“That was a very curious auction,” Flo told Smug Sam later when she called to congratulate him on his performance. “Just about everybody bid a suit at the three level – you guys bid the black suits and we had the red suits.”

“Yes, but since we had Spades, the master suit, we came out on top,” said Sam, smug as always.

“You were really lucky, with the Spades breaking 3-3,” said Flo. “How did you dare put your partner in 3 Spades when you didn’t know if he had 4 or 5 Spades?”

“True enough, I did not know that,” Sam admitted. “But it’s not like you can never play in a 7-card fit. Sometimes you have to because it’s the only contract that makes, like in this case. And I did know we had a good two-suiter in Spades and Clubs. Two-suited hands are always powerful. That’s the virtue of the snapdragon double bid. If you have the right distribution for it and your partner likes your five-card suit, you can afford to stick your neck out a bit.”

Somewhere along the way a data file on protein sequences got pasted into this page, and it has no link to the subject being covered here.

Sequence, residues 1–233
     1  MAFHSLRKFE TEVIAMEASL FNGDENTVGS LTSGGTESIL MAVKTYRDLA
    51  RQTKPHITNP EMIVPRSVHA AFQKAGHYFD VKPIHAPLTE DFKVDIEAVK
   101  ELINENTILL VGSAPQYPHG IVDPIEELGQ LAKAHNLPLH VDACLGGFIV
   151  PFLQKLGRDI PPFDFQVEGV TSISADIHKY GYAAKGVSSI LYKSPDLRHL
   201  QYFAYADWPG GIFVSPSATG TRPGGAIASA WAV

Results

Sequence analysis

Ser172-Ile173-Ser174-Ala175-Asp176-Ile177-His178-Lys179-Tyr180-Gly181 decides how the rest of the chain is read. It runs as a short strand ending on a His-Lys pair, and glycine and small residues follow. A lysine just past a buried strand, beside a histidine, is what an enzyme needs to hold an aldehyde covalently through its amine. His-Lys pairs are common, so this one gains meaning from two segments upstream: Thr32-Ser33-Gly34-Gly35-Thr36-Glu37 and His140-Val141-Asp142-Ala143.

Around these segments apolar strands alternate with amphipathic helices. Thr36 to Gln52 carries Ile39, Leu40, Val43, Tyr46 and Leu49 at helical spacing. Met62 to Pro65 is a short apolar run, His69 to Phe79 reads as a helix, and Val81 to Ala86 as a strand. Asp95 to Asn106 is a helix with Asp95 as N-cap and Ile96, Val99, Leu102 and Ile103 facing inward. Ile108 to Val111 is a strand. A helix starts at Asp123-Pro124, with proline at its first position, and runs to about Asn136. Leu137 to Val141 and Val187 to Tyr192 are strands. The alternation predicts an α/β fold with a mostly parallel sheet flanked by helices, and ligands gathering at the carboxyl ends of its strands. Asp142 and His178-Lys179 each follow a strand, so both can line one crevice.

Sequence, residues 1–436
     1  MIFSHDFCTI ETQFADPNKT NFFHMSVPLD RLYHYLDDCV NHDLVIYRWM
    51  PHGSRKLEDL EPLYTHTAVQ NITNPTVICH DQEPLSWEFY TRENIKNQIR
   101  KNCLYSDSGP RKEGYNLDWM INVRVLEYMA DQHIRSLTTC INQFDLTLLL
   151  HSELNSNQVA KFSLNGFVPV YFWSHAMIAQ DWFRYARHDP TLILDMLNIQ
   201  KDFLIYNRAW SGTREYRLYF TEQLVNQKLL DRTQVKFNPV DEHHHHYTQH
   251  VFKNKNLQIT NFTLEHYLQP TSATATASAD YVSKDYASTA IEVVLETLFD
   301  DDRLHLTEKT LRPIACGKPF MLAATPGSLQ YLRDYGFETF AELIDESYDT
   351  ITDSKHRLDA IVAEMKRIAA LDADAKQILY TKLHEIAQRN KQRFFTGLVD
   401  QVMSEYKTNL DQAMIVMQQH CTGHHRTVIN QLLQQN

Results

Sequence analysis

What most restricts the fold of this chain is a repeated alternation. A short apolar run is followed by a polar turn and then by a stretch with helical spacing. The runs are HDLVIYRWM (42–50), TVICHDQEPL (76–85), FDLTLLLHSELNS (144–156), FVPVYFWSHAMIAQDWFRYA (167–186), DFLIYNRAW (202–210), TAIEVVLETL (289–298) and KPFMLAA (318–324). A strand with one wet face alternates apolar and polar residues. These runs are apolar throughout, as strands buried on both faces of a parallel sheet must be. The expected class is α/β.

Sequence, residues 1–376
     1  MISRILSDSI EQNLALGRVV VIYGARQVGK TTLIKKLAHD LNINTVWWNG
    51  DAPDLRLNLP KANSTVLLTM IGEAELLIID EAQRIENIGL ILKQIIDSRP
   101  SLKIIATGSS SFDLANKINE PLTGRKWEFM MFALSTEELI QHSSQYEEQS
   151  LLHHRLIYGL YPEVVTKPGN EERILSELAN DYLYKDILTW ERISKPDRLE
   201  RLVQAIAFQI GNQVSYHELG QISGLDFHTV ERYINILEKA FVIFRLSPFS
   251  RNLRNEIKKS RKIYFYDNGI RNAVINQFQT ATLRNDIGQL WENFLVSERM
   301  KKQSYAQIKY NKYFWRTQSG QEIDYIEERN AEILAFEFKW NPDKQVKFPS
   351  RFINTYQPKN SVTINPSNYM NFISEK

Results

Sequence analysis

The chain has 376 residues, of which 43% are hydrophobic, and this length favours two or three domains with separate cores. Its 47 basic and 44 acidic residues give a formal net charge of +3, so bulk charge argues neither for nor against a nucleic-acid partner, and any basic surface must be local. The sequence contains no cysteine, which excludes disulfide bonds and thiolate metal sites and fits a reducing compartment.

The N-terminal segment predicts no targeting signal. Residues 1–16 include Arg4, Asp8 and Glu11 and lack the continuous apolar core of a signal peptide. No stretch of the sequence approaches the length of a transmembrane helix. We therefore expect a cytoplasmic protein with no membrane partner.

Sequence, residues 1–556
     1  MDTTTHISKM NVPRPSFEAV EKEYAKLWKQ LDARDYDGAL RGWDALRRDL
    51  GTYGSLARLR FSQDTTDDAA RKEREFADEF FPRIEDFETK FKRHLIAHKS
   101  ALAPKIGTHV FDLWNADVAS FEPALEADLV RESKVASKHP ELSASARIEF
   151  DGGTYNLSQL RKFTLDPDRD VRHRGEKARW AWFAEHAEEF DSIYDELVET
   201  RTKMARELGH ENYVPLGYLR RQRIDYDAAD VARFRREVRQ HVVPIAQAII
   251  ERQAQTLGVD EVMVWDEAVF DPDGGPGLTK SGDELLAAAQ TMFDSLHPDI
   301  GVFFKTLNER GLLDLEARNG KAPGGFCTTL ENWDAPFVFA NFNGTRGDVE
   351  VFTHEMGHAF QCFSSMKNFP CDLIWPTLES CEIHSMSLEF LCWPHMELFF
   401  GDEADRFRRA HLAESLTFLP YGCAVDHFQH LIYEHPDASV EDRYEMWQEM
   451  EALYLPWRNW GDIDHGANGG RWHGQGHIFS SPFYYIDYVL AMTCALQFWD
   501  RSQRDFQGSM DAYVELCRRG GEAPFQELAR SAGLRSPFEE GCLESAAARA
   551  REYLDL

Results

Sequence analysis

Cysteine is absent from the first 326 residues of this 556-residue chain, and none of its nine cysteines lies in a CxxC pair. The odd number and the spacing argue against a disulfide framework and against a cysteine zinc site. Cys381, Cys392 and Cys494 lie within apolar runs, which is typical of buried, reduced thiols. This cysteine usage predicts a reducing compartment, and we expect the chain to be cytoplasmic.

“Why did you have to do it against us?” asked Flo. “I don’t think I deserved an 8% score on the board. In fact, I’m so mad that I’m breathing fire like a dragon and I’d like to snap your neck off.”

“Now, now, Flo,” said Sam. “Calm down. That’s not where the name for the bid comes from anyway. It’s supposed to have been named for the beautiful flower, so it should make you think nice, colorful thoughts.”

“I don’t know whether my face is more red with anger or green with envy,” said Flo.